No matter which you choose, try to spend an additional day at Namche Bazaar. The extra time at 11,290 feet reduces some of the effects of elevation later. You’ll enjoy a better overall trekking experience and suffer less. The extra day isn’t “wasted”—many day hikes around Namche Bazaar provide beautiful views while giving your body time to adjust. Your chances of successfully reaching Base Camp vastly improve if you spend more time at Namche Bazaar.
Everest Base Camp Tours
Although the most expensive option by far, having everything organized before you arrive provides peace of mind. You’ll be taken care of all along the way and have access to better safety measures such as supplemental oxygen. Bigger companies use yaks to take your gear ahead; you’ll find it waiting for you in your teahouse room at the end of each hiking day.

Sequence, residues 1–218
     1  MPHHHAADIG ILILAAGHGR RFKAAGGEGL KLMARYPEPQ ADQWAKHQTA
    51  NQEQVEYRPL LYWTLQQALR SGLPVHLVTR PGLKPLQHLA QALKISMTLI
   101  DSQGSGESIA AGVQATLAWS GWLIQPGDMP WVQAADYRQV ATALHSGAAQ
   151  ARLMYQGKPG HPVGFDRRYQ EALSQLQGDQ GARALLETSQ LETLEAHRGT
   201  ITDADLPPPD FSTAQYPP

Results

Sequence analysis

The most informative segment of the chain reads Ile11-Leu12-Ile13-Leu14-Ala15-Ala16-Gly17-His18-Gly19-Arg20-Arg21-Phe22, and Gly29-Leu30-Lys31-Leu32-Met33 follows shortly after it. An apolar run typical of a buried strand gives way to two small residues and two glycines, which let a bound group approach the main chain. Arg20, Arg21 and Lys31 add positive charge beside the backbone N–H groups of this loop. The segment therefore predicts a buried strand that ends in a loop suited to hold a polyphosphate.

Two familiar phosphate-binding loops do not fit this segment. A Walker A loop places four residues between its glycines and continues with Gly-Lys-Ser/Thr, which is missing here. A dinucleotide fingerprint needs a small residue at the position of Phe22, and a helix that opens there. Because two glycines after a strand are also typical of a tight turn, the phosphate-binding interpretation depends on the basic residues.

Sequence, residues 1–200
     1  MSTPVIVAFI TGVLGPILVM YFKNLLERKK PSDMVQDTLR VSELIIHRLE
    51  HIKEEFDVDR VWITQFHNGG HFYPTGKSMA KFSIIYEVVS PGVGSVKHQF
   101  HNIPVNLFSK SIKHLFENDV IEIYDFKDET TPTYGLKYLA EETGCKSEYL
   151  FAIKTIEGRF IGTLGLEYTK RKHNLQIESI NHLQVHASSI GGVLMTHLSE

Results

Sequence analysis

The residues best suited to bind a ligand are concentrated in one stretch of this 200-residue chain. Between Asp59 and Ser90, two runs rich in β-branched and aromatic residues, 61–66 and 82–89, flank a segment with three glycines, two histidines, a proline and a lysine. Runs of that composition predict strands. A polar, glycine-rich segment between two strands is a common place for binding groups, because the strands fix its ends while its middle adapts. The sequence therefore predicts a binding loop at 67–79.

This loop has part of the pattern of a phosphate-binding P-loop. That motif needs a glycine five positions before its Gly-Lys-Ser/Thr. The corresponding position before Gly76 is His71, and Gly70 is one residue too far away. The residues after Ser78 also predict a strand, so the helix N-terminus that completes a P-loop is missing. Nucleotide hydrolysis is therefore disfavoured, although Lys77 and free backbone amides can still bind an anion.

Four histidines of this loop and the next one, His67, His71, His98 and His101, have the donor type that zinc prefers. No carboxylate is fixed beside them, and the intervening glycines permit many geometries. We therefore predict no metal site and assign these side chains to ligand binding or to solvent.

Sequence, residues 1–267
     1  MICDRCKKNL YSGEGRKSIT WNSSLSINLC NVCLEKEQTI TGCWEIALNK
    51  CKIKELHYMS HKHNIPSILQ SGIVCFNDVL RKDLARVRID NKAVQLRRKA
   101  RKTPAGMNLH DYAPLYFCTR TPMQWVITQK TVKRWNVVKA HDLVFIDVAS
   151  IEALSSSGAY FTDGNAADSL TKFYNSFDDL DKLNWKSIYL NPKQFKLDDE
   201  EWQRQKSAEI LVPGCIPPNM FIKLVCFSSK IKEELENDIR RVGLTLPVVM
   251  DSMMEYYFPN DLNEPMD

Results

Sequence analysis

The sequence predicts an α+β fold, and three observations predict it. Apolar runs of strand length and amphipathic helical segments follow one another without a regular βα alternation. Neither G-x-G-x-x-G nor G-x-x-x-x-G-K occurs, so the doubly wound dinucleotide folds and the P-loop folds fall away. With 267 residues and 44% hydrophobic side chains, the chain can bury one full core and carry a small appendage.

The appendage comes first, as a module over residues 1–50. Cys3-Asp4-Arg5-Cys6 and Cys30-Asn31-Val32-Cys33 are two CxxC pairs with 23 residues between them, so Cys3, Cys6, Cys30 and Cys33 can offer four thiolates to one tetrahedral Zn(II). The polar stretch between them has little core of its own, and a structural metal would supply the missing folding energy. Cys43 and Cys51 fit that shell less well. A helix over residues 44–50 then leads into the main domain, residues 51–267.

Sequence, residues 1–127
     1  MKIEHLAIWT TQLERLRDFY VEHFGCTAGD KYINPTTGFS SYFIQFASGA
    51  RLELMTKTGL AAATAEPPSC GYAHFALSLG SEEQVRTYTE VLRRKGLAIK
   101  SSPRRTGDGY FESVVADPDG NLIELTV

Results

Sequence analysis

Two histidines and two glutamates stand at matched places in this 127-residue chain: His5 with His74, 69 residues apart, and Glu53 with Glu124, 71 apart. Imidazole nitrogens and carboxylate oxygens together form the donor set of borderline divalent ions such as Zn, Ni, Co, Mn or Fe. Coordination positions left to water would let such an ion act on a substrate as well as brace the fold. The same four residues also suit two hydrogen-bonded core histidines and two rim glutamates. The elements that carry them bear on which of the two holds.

You can book an Everest Base Camp tour online from home, or if time permits, do so after arriving in Kathmandu. Booking on the ground through a Nepalese agency saves money and better helps the local economy. You’ll find trekking agencies on every corner in Thamel, but unfortunately, not all are reliable. Choose a reputable agency that’s a member of the Trekking Agencies’ Association of Nepal. You can see in the member directory how long an agency has been in operation, and hopefully, make a better informed decision.
First, independently trekking to Everest Base Camp doesn’t necessarily mean solo trekking. Trekking alone in the Himalayas is dangerous no matter your experience level. A simple slip or unexpected weather change could keep you from reaching the next teahouse before temperatures plummet at night.